Tuesday, January 17, 2012

If General Singh was born in 1951, would he have become General at all?

General VK Singh, the high decorated Chief of Army Staff has decided to take his struggle for deciding his real date of birth to the Supreme Court. In doing so, he has challenged the Ministry of Defence which decides matters of senior level postings, retirements, etc. The facts of the matter are a little unclear – and the Supreme Court will no doubt look into them. But there is one thing the General may want to keep in mind. That if his word is taken, then maybe he would have never made it to General at all. Mor on this later.

The basic controversy has arisen because the first UPSC form that General Singh signed (but not filled) when he applied to the Army mentions 1951 as the year of birth. Apparently the practice in those days was for the clerk to fill the form and the candidate to merely sign it. One would normally assume that the candidate would at least look once at the form before signing. Any error would be caught immediately and the error rectified there and then. If the practice was that candidates didn’t usually look at the form before signing, then by now, we should have had many hundreds or even thousands of cases of errors – and that experience should have provided us the precedent to resolve such problems.

The primary and most relevant documents that matter in proving the date of birth are the birth certificate issued by the hospital at the time of birth and the school matriculation certificate issued upon completion of SSC. Both mention 1951 as the year of birth, proving the General’s claim. These documents have been filed in the Adjutant General’s office which maintains all official records.

Unfortunately, the Military Secretary’s office (Ministry of Defence) continues to have the UPSC joining form and 1950 as its official record. There is thus a conflict between the records maintained by the Army and the concerned government ministry. Till the Supreme Court decides the matter, we will not know what the truth is. But as a result of the anomaly, an unnecessary controversy has broken out. And it’s become political. The opposition has accused the government of mishandling the situation and compromising “national security” (how I cannot understand).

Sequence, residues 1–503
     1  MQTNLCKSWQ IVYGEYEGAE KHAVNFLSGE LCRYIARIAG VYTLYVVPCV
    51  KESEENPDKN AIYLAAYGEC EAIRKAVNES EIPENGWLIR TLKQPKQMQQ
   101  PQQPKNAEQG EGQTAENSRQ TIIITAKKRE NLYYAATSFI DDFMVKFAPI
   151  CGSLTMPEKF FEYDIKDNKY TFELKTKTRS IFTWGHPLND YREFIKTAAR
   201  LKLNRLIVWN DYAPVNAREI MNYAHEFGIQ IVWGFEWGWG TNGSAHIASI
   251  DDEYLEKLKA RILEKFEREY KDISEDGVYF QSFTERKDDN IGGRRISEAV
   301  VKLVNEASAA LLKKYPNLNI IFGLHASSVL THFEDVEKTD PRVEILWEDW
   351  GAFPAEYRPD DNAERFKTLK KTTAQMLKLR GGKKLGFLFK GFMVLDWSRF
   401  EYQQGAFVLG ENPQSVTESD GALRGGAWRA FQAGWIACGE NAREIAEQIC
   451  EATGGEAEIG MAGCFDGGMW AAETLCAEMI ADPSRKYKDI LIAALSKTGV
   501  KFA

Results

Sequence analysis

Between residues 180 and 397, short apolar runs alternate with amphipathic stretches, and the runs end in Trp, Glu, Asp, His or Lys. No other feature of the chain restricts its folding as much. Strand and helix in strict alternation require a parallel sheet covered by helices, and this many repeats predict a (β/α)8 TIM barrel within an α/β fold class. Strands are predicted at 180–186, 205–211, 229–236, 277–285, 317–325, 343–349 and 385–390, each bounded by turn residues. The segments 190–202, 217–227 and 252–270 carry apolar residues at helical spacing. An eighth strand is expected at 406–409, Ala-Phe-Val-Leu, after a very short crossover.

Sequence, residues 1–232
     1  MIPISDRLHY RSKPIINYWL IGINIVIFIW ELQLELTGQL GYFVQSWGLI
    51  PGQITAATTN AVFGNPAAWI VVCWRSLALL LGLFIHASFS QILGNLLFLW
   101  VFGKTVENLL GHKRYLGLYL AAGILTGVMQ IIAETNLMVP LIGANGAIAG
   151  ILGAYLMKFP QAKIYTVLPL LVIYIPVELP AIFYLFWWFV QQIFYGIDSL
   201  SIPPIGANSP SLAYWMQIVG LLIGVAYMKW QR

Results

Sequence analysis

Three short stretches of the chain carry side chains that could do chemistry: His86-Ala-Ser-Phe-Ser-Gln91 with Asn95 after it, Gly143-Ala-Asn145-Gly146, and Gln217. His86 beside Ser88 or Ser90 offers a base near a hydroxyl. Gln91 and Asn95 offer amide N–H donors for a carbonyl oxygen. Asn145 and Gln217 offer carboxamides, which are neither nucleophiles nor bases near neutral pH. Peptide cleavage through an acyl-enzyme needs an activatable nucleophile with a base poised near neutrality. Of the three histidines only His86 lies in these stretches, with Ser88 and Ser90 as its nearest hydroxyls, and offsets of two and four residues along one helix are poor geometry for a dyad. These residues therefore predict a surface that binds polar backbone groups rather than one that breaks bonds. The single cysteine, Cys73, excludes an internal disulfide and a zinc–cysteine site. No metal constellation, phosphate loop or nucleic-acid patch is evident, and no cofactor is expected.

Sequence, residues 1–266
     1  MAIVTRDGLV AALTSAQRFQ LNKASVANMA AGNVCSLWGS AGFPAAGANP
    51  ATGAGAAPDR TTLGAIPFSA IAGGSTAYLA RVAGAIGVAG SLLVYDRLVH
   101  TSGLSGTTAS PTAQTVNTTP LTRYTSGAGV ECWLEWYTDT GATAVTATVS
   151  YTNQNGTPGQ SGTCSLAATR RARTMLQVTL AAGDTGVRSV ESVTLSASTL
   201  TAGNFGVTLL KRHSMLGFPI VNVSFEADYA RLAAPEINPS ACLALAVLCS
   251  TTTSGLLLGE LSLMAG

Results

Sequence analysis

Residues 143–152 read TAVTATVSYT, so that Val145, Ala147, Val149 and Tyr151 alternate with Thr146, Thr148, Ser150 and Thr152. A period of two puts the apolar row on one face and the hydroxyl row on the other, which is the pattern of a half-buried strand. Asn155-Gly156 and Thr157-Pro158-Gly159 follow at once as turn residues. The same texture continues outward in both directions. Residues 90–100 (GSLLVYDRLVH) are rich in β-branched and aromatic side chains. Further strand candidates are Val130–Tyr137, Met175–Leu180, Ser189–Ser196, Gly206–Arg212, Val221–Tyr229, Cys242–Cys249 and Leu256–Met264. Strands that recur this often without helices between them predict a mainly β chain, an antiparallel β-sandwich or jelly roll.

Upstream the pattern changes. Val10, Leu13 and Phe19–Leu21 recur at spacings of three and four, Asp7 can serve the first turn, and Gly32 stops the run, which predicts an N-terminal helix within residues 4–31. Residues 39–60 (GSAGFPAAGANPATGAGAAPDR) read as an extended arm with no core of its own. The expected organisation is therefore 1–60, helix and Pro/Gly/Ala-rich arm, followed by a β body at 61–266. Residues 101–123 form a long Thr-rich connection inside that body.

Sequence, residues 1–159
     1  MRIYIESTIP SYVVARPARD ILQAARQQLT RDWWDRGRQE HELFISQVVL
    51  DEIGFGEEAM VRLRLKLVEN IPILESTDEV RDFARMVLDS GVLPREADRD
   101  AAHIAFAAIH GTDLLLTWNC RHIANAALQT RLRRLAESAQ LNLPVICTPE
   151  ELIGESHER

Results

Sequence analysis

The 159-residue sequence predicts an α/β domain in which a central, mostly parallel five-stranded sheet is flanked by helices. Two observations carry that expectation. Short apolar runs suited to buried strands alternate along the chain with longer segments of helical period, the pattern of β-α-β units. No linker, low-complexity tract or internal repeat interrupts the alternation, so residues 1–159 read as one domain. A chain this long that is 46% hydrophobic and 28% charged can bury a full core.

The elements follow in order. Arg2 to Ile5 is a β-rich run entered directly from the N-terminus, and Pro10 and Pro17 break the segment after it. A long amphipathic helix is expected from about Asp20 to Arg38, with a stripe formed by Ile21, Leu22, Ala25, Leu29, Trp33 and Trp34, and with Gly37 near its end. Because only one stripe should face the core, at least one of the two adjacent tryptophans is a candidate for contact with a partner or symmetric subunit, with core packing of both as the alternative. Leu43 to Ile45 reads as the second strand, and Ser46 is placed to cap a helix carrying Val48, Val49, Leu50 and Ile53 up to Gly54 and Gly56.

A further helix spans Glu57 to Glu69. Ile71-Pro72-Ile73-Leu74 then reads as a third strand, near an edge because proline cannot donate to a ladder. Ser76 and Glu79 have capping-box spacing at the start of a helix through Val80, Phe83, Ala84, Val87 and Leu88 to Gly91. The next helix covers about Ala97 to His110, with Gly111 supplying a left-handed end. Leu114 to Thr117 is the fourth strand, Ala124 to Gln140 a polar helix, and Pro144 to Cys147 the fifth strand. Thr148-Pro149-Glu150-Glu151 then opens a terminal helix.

When the Supreme Court hears the appeals, it will no doubt settle the age controversy one way or the other. And in the best traditions of respecting judicial verdicts, both the General and the Indian Government will abide by its verdict.

For now, let us assume that the General is right about his age. In that case, it is very likely that the General would never have become General at all. He would have retired as a Lieutenant General and the controversy would not even have arisen. Why do I say this?

Here’s why. As is well known, the Indian Army – just like all other bureaucratic arms of the government – relies strongly on age in deciding postings and promotions. In fact, bureaucrats are usually referred to as “batch of 1970” and so on depending on when they got inducted into the IAS. Likewise, IPS officers also follow a strict seniority principle in senior level appointments. There’s a corollary to this age principle. Unless there is a strong reason, a senior (by age) officer is not superceded by a younger officer. Hence each year matters and usually the batch become the benchmark for deciding who goes ahead and who stays behind in crunch situations. There may be other factors that come into play in deciding which officer within the same batch goes ahead, but batch seniority is the primary criterion in deciding promotions. This batch seniority principle is followed throughout the entire bureaucracy; each officer aware of the impact of this on his/her terminal designation at the time of retirement.

If the Military Secretary’s Office had updated the General’s records to reflect the correct date of birth, then it is entirely possible that the General may never have been made General at all. In fact, the fact that he was considered a year older must have played a role in him getting the job compared to his peers. Had it been known that he was a year younger in reality, it is likely that someone a year older would have got the job. In that case, General Singh would have retired as Lieutenant General. In fact, all through his career, he would have reached each position a year later than he actually did. It would be very unfair if the General got the advantage of older age all through his life, but when it came to retirement, he got the advantage of being a year younger.

The real truth is that this looks like a case of a genuine error in the records maintained by the Army and the Military Secretary’s office. This issue should have been sorted out earlier, but if wasn’t done, then it surely cannot be taken up now. The General himself has said that he doesn’t want a year’s extension. All he wants is for his word to be trusted. I think there is no reason for us to disbelieve him…..and that’s where the matter should end….

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